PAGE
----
Too often we start the technical part of a rendering (building a 3D model) when, in fact, we should be developing a mood. It may seem like semantics, but it certainly isn’t. A rendering by itself is simply a static image. A mood is a strategy that tells your story through imagery and color.  

Computer Off

Every rendering or illustration needs to start with a pencil in your hand and your computer turned off. Don’t jump into your rendering software until you’ve done your homework and have pages of sketches. If you skip this step, you’re letting the computer design and you’ll end up with a rendering without heart.

Describe the Mood

Before we even sketch, take out that paper and pencil and begin to write down words that describes your rendering or illustration, the culture, the people in the community who will use the space, what people will find when they arrive, etc. This helps to find a foundation to build your rendering on. Just because your building is 30,000 ft.², and three stories, doesn't mean, you have to show everything in one view (sorry architects). Instead, your rendering should tell your story.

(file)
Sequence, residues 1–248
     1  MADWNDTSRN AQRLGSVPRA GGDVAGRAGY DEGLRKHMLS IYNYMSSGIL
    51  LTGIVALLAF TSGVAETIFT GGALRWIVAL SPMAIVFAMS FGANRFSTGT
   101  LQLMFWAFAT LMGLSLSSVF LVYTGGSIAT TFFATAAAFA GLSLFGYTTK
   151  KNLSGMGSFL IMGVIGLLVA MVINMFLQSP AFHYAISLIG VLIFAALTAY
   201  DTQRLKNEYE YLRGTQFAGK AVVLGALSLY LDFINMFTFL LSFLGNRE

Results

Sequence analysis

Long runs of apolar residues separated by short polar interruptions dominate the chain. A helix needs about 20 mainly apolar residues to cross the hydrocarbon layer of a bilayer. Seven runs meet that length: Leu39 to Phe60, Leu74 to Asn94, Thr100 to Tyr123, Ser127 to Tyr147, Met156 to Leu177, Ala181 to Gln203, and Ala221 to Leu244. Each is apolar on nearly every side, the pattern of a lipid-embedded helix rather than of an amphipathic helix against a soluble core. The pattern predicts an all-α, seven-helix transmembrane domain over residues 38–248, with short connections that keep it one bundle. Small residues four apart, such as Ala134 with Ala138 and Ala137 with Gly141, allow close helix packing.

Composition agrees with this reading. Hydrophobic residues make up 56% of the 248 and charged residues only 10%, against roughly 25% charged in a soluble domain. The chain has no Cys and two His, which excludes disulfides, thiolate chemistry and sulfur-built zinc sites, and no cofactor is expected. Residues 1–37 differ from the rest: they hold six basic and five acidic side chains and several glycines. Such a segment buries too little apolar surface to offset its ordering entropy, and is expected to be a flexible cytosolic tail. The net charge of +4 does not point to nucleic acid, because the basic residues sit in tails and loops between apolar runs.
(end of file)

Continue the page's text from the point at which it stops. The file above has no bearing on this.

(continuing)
Sketching Time

Once you’ve written out this list of words that make up your story, now you can begin to isolate the main threads that run through your intent. Now, you can begin to sketch with the goal of putting into visual terms these key concepts. Sketch and sketch and sketch. Put the paper down, go take a walk downtown, play catch with your kids, pull yourself away and refresh. Now, go back and sketch some more. Now Use the Computer Now take a look at your sketches, highlight those that jump out at you… now you can turn the computer on.